Well fit jeans on a man with a great butt … a piece of art. I’m so glad I am not the only one who thinks so. 🙂
I’ve noticed something recently that I’m pretty terrible at including in my stories: Clothes. I’m sure my guys wear clothes because there’s always that delay before the sex while they take their clothes off. But what exactly are they wearing?
T-shirts and jeans, apparently.
In looking back through my stories, those two items seem to make up the bulk of my characters’ wardrobes. T-shirts and jeans, jeans and T-shirts. Occasionally, it’s a long-sleeved T-shirt and every now and then I throw in a color like red or blue. I think that, once, someone wore cargo shorts. I might’ve mentioned socks a time or two. Generic boots or sneakers.
Oh and sometimes they have on underwear too, but it’s usually just anonymous briefs that one guy’s straining to get out of while the other’s dying to get into them.
I think part of the problem for me is that I don’t know the words, what to call some particular piece of clothing. Now that I’ve recognized this issue in my writing, I’ve started stalking the men’s section of online clothing stores. Not only do they provide the words I need, they’re in the business of keeping up with the trends that even the most fashion-oblivious man will own simply because that’s what’s on the rack — I’m the female equivalent, if you haven’t guessed that already.
OldNavy.com is nice for their latest trends and bullet points like “seven-button placket” which tells me just how many buttons there are to undo on this short-sleeved, blue plaid shirt… Before I get to the T-shirt underneath. *sigh* Anyway. JCPenney.com is good for two things: 1. Describing that a Classic Fit in their Dockers “sits at waist and is eased at seat, hips & thighs with slightly tapered legs,” and 2. Nine times out of ten there’s a photo of a guy actually wearing those pants so I can describe the details of creases, wrinkles, seams around various bulges without having to resort to staring at some poor guy waiting in line at Caribou Coffee.
I guess, not everyone appreciates that kind of attention.
I’m a little hesitant about getting one of my guys into/out of a suit. Those things are very complicated and seem to have their own vocabulary. Not to mention the fact that his number of clothing items just tripled with vests, belts, ties, cuff links, tie tacks… Oh. Actually, it could be fun taking the time to get him out of all that, couldn’t it?
There is a Wikipedia page all about the suit, from it’s history to the etiquette of wearing one in addition to thorough descriptions of a suit’s many parts. Sure, some of the information is for styles that would be for a specific time period, so they don’t apply all the time. But even though your character might not know what a vent is on his suit, it could be what tears during a little manhandling or what gets caught on a nail during an escape, leaving evidence behind. Having a nervous guy try to fill a silence by mentioning that it’s possible British King Edward VII started the trend of leaving the bottom button on a single-breasted, two-button suit coat undone. (Why? I’m thinking he needed that extra bit of room as he was a portly fellow.)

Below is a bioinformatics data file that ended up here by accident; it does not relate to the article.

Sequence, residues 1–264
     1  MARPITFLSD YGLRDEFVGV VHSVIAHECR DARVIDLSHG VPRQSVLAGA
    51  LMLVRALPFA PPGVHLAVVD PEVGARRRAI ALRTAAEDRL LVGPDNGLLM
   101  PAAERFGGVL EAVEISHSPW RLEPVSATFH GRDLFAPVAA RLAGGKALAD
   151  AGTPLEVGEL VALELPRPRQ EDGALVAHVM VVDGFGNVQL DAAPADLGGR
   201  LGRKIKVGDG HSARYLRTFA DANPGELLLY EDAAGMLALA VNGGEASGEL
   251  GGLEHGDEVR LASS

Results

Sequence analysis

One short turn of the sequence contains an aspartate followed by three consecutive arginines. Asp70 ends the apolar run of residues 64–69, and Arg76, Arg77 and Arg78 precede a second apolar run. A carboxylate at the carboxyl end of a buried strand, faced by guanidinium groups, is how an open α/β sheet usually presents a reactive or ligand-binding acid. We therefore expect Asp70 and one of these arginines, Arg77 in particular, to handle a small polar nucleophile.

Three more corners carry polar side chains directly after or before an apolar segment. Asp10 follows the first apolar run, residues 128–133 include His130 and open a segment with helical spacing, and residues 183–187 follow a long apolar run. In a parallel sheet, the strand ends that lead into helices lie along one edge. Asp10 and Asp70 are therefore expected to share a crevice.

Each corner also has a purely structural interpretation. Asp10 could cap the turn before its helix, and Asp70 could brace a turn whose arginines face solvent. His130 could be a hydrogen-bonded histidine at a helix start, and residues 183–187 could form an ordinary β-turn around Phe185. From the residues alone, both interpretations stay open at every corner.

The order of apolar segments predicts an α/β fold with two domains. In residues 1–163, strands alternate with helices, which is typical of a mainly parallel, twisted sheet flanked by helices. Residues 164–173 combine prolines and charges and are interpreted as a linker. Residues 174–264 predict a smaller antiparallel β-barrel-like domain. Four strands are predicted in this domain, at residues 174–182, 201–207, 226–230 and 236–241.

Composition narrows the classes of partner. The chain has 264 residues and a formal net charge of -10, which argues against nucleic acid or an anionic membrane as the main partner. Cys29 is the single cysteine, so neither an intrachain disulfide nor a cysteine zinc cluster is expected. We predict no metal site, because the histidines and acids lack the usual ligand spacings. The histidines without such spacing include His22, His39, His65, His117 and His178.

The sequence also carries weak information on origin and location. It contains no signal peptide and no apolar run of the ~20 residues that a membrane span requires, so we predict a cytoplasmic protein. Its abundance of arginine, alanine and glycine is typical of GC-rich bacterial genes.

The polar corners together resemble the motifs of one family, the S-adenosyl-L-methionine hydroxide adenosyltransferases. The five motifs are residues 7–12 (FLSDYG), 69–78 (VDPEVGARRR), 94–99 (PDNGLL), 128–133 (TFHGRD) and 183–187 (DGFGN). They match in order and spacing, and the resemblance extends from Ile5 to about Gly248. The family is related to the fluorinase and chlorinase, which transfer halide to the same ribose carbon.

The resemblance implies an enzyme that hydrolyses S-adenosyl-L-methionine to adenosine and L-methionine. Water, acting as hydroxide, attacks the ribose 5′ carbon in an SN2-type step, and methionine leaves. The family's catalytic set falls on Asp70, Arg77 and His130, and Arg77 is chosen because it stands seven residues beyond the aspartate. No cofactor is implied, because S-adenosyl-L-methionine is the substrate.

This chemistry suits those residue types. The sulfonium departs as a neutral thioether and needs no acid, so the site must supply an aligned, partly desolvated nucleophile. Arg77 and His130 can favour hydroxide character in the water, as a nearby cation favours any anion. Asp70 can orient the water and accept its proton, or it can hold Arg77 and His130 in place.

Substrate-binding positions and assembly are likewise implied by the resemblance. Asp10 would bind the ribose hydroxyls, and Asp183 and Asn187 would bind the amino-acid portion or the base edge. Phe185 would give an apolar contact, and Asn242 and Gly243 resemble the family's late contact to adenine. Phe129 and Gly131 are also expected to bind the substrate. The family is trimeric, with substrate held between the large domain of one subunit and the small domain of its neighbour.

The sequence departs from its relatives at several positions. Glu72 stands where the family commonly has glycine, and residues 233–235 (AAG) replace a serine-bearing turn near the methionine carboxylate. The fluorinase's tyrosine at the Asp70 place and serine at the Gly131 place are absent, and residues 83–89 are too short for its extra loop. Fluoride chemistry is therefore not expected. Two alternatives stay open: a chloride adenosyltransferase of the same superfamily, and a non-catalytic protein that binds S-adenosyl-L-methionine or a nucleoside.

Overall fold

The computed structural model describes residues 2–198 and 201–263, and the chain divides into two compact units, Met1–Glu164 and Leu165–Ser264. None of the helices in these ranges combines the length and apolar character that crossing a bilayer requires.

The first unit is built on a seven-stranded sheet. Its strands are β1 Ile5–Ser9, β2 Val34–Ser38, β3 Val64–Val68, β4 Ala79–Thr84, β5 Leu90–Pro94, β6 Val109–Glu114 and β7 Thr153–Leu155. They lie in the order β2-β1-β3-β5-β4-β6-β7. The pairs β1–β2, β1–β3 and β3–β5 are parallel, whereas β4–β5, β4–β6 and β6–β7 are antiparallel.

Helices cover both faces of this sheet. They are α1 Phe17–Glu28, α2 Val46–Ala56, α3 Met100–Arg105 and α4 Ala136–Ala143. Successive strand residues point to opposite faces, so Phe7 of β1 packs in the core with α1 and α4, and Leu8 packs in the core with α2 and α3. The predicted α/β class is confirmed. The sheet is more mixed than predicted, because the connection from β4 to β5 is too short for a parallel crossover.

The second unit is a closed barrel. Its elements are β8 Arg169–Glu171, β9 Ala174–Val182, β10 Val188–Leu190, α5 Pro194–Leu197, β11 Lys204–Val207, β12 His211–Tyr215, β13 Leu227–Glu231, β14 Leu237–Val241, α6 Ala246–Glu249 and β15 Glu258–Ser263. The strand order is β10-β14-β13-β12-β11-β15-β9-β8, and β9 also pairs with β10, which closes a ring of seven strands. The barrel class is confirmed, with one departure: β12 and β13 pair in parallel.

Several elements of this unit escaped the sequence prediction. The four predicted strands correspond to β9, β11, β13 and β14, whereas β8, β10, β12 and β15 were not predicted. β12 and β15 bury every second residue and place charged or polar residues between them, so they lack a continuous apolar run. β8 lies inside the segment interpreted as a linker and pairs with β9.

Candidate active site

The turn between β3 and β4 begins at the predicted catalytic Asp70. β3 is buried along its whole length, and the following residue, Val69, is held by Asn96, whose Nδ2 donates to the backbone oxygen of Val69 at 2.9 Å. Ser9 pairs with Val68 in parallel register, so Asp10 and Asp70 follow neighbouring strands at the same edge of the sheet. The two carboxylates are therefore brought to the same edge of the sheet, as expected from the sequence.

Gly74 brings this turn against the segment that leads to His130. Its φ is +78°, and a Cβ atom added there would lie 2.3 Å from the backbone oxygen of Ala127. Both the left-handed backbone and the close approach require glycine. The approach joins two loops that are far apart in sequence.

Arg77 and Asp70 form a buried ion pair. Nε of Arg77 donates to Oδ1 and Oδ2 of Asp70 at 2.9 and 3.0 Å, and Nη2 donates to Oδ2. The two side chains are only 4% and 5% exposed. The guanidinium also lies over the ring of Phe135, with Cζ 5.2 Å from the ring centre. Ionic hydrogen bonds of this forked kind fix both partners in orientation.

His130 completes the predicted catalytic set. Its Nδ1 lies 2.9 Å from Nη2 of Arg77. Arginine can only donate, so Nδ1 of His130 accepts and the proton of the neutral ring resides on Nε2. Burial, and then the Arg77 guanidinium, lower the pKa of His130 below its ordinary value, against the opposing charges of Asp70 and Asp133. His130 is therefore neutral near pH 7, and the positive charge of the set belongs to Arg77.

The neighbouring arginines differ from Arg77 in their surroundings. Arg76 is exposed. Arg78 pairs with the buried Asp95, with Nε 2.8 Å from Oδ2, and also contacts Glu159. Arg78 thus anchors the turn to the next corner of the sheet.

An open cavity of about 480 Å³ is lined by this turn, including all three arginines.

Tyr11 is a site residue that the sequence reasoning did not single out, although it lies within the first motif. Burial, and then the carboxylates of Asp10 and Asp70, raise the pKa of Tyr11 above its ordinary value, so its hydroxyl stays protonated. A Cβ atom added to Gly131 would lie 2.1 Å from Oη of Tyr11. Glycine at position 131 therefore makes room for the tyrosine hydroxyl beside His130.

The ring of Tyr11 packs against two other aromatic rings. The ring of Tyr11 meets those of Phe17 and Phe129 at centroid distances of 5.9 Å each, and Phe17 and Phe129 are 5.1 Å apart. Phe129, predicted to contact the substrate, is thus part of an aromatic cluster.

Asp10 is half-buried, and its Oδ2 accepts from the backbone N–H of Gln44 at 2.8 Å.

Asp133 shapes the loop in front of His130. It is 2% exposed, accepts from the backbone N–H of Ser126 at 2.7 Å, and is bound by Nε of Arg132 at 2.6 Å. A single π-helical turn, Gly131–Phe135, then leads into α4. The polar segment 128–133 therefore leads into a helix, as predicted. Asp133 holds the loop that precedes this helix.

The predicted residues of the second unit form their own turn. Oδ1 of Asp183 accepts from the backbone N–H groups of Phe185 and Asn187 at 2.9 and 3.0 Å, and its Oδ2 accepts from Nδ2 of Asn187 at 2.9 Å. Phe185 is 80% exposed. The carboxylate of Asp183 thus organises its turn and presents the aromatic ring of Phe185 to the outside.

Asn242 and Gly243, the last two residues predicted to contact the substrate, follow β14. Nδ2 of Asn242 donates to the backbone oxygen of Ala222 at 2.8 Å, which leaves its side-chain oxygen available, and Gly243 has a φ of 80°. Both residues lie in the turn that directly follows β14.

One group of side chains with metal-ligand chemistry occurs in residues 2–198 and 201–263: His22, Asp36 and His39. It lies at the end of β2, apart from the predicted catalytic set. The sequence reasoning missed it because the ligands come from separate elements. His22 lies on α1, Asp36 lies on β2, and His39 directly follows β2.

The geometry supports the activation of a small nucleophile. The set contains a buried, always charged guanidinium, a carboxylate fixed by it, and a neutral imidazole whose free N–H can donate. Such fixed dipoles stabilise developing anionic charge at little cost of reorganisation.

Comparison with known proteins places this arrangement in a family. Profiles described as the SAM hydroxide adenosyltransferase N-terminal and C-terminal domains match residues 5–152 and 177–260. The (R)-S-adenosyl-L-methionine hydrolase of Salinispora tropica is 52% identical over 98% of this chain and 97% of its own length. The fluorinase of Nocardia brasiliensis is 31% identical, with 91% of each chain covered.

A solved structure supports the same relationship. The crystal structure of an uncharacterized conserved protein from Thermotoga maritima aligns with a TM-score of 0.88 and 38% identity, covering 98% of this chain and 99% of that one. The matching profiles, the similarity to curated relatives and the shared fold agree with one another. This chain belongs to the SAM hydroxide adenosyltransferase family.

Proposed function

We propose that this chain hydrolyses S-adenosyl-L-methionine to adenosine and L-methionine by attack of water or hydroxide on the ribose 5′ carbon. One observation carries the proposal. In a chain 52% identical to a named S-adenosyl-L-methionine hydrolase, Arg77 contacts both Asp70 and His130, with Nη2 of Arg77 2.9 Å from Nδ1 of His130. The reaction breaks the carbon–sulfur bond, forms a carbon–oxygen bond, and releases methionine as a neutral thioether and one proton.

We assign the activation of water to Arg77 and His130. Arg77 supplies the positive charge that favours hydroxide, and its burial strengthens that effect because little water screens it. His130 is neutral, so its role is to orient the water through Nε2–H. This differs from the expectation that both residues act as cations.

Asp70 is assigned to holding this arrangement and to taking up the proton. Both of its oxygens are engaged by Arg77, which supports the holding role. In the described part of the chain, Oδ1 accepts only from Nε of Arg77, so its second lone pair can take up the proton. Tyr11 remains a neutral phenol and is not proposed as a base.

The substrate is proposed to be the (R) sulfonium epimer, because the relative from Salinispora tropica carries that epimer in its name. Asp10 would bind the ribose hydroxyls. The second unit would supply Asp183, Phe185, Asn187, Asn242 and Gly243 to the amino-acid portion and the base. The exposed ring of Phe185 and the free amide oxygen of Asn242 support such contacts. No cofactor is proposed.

So, we know I suck at including much about the clothes my characters wear, but who’s doing it well? Some of my favorites include “Just for You” by Jet Mykles and “Taking You Home” by Cooper Davis.
In “Just for You” we get Justin who both works in a men’s boutique and later talks clothes with a designer and a fashion-savvy, potential suitor. That Justin is so comfortable discussing fabrics and patterns with other men who are definitely interested in Justin makes Kevin feel out of his league and adds to the tension between them.
In “Taking You Home” we see Hunter coming to terms with Max’s cross-dressing while Max comes to terms with that being what drove a wedge between himself and his father. It might not be men’s fashion, but the hurt and healing caused by the rejection and acceptance of clothing is integral to the growth of these characters and the ultimate connecting of their families.
While I may never reach the point where the clothes my characters wear are a part of the plot or their personal growth, I do aspire to give them reason to wear them, help make sure they wear them well, and then get them out of them. Not that I have anything against men running around naked all the time, of course, but they say clothes make the man and I’d like fully-formed men in my stories from now on.
Romance has always been the main theme of Missy Welsh’s writing, even when she was twelve and concocting little tales for her friends. She grew up watching tough-guy action movies with her dad and stealing her mom’s romance novels, so it seemed perfectly normal to pair up the two and see what happened. As long as there are men being brave and falling love, Missy plans to fantasize about them— Um, she means write about them.
Visit Missy online at http://missywelsh.com for a list of her latest books.
And to win a copy from Missy’s backlist, she is asking for a few recommendations.
Do you have stories that have a memorable moment related to clothing? A costume, uniform, fetish, or even just the fact the characters wore more than T-shirts and jeans and you definitely noticed? I would love to find more books where clothing is done well.
To enter, please comment below about a memorable scene involving clothes. Or do you have a particular look that you prefer your heroes in? Rough and tumble or dressed to the nines?
Open until Friday, June 29 at 11:59 pm (PST). Winner will be selected and notified on Saturday.